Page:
Why Google may be better to find Uniprot sequences than the NCBI

My good friend Deepak had a quote in his blog from Lincoln Stein about making bioinformatics as much an everyday tool to the practicing biologist as a pipettor ( a device used to dispense liquids by experimental biologists and chemists)..

I totally agree, but  think we are quite far away. For example this morning I had to obtain the sequence of 772 swissprot entries  ,which were part of  an alignment for some downstream analysis. Of course my first choice was to query the NCBI -Entrez database. I soon realized that NCBI query box did not return  any results for  the first few queries I tried, all of which were probably new Uniprot/SwissProt IDs ( for eg. .sequence ids Q57T52_SALCH ,Q325Y4_SHIBS )

Disappointed , I turned to the EBI search engine. Within seconds I realized that the EBI indeed does indeed serve up all of entries. SO there are a subset of uniprot entries that the NCBI does not have in its database.

Out of sheer curiosity I entered the queries that drew a blank at the NCBI into Google.

Wonder of Wonders google pulled up all of the hard to find UniProt entries as the very first Match.
Thanks to the increasing use of publicly accessible web service APIs , Google is becoming more and more aware of a lot of very specific sequence data.

I will be very happy when I can type Q57T52_SALCH calc=MW and get an answer back from right inside google. Maybe that day bioinformatics will move one step closer to becoming just another tool.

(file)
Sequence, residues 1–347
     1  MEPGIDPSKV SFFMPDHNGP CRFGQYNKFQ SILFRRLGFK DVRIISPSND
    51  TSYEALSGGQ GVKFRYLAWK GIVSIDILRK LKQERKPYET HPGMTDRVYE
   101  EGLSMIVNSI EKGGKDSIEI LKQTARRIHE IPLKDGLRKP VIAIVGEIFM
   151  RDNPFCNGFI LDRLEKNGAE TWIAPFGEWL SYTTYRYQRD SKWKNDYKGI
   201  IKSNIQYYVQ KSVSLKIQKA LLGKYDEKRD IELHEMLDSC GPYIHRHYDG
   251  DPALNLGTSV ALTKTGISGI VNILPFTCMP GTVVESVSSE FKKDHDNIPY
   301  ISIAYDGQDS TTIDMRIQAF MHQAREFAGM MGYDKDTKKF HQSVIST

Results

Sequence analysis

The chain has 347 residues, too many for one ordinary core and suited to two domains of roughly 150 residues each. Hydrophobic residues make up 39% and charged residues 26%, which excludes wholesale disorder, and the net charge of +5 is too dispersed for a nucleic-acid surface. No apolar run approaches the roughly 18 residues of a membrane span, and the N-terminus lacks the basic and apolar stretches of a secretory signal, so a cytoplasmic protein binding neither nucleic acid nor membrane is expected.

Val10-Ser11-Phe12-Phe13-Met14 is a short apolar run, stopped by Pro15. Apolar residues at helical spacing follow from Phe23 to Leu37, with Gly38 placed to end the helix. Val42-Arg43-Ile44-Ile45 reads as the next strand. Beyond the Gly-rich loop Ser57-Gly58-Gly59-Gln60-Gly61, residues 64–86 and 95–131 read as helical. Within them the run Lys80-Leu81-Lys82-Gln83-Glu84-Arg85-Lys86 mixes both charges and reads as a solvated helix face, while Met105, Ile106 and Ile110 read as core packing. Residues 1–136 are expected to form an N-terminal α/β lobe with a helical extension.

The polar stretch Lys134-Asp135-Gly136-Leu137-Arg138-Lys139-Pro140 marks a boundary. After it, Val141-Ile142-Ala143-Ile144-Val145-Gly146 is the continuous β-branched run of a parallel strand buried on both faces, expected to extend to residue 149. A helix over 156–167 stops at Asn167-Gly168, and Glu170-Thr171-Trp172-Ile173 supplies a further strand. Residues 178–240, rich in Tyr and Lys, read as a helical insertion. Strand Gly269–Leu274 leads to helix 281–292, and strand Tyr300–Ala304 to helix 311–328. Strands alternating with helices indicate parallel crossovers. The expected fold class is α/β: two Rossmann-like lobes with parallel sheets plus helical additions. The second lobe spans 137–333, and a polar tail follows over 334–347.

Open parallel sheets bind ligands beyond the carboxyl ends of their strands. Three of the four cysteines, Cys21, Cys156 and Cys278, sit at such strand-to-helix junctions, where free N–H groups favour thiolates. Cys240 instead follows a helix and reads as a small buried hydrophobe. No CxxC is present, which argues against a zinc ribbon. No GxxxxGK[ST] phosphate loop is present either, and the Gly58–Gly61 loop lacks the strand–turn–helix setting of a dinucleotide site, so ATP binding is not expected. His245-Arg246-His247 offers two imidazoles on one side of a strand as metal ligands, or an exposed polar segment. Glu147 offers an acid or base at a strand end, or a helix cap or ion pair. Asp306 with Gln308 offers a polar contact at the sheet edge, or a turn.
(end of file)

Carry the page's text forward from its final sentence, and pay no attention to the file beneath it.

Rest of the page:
Till then I am stuck with learning about Equery and WSDL and SOAP and so on..

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4 responses to “Why Google may be better to find Uniprot sequences than the NCBI

  1. Pingback: business|bytes|genes|molecules

  2. Cool, incorporate the gapped alignment [ http://en.wikipedia.org/wiki/Dynamic_programming ] and the extreme-value-distribution [ http://en.wikipedia.org/wiki/Generalized_extreme_value_distribution ] rolled with their AI expertise [ http://norvig.com/ ] and we have something cooler 🙂
    A query like http://www.google.co.in/search?hl=en&as_qdr=all&q=ccatcagcaa+http%3A%2F%2Fwww.ncbi.nlm.nih.gov&btnG=Search&meta= should bring all the sequence close to pattern “ccatcagcaa”!

  3. Pingback: Back on the NCBI horse « The Omics world

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